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The category of superpower, as distinct from great power, has become naturalized in the discourses about international relations. But ‘superpower’ has only become common usage since the end of the Second World War, and in modern history cannot meaningfully be applied much further than the 19th century. This paper argues that superpowers are a historically contingent phenomenon whose emergence rested on the huge inequality of power between the West and the rest of the world that developed during the 19th century. As this inequality diminishes, the most likely scenario for world politics is decentered globalism, in which there will be no superpowers, only great powers. The largest section of the paper uses a framework of material and social factors to show why the US is unlikely to remain a superpower, and why China and the EU are unlikely to become superpowers. The following three sections use the same framework to look more briefly at why a world with only great powers is likely to take a more regionalized fom; why this might produce a quite workable, decentralized, coexistence international society with some elements of cooperation; and what the possible downsides of a more regionalized international order might be, focusing particularly on the problem of regional hegemony. The conclusions offer five policy prescriptions for living in a decentered globalist world.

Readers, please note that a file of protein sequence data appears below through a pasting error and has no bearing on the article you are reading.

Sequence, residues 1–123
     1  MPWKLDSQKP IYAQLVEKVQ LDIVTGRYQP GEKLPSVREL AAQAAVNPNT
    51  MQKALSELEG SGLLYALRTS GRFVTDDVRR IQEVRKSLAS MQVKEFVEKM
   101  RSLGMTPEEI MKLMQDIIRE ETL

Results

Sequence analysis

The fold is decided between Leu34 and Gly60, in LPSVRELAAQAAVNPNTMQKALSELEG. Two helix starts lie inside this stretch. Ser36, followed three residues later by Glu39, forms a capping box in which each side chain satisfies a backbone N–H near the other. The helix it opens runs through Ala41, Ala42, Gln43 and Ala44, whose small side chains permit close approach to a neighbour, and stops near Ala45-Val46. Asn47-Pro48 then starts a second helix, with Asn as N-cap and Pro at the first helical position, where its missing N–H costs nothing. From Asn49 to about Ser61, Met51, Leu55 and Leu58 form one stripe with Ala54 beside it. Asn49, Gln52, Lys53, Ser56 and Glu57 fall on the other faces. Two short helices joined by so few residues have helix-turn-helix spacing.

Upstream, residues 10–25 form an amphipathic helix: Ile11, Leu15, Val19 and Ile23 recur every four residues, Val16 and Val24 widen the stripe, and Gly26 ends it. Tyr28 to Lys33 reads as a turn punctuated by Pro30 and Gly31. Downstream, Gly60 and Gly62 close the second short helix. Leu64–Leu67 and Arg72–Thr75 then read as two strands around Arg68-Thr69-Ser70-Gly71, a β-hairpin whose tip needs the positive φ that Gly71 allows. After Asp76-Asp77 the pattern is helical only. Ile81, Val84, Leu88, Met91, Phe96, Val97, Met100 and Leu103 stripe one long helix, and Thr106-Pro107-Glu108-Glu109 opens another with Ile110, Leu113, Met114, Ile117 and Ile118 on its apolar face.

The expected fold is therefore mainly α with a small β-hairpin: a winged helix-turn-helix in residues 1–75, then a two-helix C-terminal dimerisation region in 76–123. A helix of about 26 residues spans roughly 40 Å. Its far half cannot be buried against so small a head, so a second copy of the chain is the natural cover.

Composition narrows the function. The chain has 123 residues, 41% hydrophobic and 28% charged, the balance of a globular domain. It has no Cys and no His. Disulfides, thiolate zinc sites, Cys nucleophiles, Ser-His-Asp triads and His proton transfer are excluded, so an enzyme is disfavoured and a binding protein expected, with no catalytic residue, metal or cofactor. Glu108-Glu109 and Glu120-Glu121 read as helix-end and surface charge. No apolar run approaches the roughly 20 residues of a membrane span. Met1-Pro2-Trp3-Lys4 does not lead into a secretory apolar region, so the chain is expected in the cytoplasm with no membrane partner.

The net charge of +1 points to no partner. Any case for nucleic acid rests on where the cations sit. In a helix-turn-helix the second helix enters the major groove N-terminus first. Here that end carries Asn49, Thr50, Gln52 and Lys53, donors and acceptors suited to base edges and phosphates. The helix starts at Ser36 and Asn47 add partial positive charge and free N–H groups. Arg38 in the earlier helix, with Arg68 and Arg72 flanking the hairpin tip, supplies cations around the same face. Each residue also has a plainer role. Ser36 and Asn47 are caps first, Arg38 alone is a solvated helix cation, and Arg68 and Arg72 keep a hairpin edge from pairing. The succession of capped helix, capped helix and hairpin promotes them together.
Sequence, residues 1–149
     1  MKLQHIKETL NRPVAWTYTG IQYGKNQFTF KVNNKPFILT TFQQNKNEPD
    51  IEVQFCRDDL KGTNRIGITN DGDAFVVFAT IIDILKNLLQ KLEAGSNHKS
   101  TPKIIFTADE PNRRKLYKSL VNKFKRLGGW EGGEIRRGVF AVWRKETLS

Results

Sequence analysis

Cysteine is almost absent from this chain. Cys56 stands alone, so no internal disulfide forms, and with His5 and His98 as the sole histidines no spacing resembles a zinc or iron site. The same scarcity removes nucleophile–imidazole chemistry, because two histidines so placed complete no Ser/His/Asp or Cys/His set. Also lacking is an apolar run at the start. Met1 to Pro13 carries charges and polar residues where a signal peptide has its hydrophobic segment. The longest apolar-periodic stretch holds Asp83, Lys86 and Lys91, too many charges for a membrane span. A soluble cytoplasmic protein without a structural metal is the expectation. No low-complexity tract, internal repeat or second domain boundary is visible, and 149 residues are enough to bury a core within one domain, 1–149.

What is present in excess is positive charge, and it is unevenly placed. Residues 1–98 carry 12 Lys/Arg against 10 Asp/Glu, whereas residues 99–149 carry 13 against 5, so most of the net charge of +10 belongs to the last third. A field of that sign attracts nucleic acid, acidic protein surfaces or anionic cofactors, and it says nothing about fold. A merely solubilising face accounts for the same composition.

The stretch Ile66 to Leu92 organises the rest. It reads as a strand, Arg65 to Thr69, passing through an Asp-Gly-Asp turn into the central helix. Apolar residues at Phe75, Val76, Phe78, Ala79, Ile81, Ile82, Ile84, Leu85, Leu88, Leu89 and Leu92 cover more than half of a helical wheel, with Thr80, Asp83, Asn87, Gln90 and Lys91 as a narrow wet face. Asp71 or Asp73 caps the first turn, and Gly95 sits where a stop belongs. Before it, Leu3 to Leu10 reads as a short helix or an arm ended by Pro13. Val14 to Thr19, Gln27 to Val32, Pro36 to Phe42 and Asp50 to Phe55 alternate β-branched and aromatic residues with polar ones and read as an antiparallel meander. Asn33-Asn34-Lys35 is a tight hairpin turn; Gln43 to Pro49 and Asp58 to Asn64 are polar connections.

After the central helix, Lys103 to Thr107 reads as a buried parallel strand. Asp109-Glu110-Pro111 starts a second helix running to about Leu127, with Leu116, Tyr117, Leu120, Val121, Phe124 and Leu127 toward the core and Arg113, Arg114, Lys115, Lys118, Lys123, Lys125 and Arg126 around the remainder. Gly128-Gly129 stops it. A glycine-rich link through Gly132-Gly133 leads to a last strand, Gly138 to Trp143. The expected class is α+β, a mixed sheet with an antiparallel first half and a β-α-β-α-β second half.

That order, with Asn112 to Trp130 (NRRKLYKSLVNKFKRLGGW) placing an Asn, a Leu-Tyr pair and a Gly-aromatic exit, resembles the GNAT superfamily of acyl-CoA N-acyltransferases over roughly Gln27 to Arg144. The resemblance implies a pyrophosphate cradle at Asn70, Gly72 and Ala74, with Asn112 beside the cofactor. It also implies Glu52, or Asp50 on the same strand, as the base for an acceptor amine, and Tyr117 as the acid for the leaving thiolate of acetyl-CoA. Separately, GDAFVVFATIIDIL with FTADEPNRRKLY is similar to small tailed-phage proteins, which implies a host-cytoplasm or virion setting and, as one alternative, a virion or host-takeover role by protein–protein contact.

The full paper is accessible at: